We’ve stressed the importance of warming up adequately before training; successful, long-term runners see these initial 5-10 minutes of active stretching and drills as an integral part of their run that cannot be missed. This is particularly true when the session for the day involves high-intensity speed workouts. Jumping into a fast run from a sedentary state is the chief cause behind several common running injuries, which can be avoided by simply easing your body into the run after a thorough warm up. A systematic round of warm up drills helps increase your range of motion and also generates heat to keep your muscles and ligaments elastic. It also raises your heart rate in a methodical manner and activates your aerobic system. Jumping into your 10K speed without a slow start can cause glycogen levels to deplete and make you feel exhausted well before your finish. Here’s how to gently ease into your speed workouts through a combination of dynamic stretching and warm up drills.

Start with a jog
Jogging, even on the spot, involves your whole body and increases both your heart rate and blood flow. It’s a great warm up start for all your running sessions.

Stretch it right
The correct way to stretch during warm up is through dynamic stretches rather than just static stretching. Essentially, don’t hold a pose for so long that it takes away from the natural elasticity of your tissues that helps them store and reuse energy during aerobic training. Particular attention should be paid while stretching the muscles that you need the most, such as glutes, hamstrings, calves, quads, core, chest and back.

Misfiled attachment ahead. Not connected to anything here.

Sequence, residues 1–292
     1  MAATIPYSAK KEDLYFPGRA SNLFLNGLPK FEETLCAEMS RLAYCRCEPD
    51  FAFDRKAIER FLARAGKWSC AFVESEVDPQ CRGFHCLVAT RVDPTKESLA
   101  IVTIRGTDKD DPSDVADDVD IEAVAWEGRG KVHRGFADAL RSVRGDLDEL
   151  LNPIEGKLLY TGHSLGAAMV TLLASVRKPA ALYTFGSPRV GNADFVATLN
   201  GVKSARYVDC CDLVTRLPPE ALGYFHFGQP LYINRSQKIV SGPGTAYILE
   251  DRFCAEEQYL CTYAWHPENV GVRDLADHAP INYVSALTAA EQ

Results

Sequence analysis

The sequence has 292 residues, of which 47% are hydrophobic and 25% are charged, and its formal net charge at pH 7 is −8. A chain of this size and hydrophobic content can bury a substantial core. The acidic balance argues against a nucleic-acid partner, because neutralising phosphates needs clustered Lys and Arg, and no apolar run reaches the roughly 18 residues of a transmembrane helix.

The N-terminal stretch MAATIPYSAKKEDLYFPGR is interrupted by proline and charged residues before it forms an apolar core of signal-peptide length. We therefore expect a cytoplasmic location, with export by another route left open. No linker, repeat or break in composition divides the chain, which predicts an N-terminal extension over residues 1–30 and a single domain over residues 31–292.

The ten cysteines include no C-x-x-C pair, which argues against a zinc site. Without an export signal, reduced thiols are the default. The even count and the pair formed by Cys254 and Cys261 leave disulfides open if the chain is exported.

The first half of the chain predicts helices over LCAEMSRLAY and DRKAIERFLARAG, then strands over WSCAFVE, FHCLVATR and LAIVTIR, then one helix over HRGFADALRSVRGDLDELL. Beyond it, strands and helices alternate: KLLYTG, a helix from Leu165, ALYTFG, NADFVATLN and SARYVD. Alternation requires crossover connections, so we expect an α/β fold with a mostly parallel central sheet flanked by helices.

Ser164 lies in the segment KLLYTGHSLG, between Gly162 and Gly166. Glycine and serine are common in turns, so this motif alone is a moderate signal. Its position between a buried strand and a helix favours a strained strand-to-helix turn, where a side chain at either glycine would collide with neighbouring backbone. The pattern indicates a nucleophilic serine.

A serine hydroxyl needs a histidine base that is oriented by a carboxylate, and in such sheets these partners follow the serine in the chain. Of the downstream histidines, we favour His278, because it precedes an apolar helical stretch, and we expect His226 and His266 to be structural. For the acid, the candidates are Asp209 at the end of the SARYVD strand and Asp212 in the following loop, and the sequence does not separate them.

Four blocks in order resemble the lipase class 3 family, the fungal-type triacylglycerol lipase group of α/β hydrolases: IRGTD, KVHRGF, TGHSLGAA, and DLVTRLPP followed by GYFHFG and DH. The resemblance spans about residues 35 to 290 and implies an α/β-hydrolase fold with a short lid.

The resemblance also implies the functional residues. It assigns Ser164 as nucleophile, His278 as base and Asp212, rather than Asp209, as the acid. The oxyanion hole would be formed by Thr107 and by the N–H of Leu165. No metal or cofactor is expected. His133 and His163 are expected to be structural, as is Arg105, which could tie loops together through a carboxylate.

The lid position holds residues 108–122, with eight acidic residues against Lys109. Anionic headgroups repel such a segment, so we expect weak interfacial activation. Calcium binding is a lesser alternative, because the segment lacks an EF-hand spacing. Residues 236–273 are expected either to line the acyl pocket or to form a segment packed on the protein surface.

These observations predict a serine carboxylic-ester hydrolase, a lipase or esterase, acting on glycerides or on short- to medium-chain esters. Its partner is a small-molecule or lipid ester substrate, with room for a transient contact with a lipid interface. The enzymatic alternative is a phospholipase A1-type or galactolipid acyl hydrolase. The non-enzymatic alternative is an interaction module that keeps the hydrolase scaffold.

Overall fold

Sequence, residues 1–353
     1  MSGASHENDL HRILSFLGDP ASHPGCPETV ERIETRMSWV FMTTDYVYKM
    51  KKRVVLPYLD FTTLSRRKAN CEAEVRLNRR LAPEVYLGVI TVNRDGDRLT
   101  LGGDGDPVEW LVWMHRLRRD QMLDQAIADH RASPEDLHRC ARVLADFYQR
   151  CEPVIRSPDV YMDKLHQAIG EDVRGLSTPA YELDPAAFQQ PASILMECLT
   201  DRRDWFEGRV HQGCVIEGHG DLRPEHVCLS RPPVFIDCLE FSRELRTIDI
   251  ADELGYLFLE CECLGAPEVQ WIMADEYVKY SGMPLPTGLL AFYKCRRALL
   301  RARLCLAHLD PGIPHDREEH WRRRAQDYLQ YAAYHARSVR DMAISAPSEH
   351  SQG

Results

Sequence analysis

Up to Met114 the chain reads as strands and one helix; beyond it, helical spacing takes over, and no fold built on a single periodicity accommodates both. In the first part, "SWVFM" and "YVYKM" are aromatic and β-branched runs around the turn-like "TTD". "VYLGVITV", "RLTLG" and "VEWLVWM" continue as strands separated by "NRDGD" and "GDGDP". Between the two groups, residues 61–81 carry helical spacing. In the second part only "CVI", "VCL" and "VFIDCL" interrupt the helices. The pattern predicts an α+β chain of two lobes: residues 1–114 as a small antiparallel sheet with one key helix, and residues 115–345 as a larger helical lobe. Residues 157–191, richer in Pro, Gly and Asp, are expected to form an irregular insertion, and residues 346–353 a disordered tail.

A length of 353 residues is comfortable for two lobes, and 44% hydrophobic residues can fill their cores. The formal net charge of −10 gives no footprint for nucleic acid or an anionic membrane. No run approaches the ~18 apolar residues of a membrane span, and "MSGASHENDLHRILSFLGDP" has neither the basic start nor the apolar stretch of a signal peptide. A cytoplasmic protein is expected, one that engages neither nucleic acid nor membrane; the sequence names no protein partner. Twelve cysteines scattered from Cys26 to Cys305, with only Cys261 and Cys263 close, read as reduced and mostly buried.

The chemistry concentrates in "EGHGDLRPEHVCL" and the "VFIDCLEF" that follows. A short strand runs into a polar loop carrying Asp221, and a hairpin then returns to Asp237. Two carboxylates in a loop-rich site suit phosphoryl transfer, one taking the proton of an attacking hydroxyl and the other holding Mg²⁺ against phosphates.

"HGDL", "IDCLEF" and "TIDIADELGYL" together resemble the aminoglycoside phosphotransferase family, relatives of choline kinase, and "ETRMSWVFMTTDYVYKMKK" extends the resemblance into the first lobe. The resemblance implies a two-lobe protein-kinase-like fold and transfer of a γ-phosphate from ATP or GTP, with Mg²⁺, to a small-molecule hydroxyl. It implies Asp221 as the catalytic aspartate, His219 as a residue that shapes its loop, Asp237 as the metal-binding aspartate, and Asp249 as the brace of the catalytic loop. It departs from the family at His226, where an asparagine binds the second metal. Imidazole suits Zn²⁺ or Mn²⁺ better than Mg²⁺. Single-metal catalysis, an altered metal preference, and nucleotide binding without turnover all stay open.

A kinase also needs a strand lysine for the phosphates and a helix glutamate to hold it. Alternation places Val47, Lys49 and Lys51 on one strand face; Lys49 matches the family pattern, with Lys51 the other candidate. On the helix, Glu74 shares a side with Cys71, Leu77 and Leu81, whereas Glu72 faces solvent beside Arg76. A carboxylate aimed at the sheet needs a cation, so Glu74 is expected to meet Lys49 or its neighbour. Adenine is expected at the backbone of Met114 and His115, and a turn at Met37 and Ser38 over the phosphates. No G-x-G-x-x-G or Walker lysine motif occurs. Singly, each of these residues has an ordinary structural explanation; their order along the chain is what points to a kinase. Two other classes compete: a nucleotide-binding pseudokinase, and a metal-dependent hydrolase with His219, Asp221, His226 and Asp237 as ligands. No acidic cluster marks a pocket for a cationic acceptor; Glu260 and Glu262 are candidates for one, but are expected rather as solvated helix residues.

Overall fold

Warm up drills
The whole point of drills is to take your body through specific actions that will prepare it for the upcoming speed training. Effective drills not only work on the muscles that you’ll use while running but also get your overall heart rate and blood flow energized so that by the time you’re running at your max speed, the entire body is activated and engaged. Here are some drills that you can include in your warm up.

Walking Quad

To actively stretch you quad muscle for speed training, grab your foot with the same side hand and pull back to feel a stretch on the front of your leg. Do this for ten yards, alternating legs each step. Do about 20 reps.

Deep Lunge

A deep active stretch for your core, groin and glutes is the deep lunge. Reach your elbow to the inside of the same ankle, and then rise into a hamstring stretch. Do this for about 10 steps front and back.

Lunge Twist

Similar to the deep lunge, take a big step, lean forward with your hips while rotating over the bent leg with your shoulders back.

Side Lunge

Facing sideways, take a lateral step and sink your hips down between your legs to stretch the groin muscle on each leg. Do this for ten reps and return facing the same direction.

Butt Kicks

To actively engage the hamstrings, butt kicks serve as a fast twitch drill. Do this for ten steps there and back, while keeping your weight slightly over your toes and your knees facing the ground.

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